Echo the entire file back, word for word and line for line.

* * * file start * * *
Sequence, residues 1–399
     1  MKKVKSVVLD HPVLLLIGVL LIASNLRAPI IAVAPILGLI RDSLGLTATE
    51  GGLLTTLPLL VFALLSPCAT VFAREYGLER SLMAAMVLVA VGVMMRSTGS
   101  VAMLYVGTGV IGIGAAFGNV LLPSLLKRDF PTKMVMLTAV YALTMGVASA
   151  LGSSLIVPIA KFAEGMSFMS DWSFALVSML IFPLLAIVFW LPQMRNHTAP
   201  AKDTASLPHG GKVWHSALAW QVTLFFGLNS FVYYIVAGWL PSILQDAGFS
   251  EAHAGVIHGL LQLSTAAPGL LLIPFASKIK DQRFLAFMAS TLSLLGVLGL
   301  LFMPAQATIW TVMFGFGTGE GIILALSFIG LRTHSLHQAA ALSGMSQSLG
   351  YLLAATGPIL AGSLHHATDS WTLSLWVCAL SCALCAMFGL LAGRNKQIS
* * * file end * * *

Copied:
Sequence, residues 1–399
     1  MKKVKSVVLD HPVLLLIGVL LIASNLRAPI IAVAPILGLI RDSLGLTATE
    51  GGLLTTLPLL VFALLSPCAT VFAREYGLER SLMAAMVLVA VGVMMRSTGS
   101  VAMLYVGTGV IGIGAAFGNV LLPSLLKRDF PTKMVMLTAV YALTMGVASA
   151  LGSSLIVPIA KFAEGMSFMS DWSFALVSML IFPLLAIVFW LPQMRNHTAP
   201  AKDTASLPHG GKVWHSALAW QVTLFFGLNS FVYYIVAGWL PSILQDAGFS
   251  EAHAGVIHGL LQLSTAAPGL LLIPFASKIK DQRFLAFMAS TLSLLGVLGL
   301  LFMPAQATIW TVMFGFGTGE GIILALSFIG LRTHSLHQAA ALSGMSQSLG
   351  YLLAATGPIL AGSLHHATDS WTLSLWVCAL SCALCAMFGL LAGRNKQIS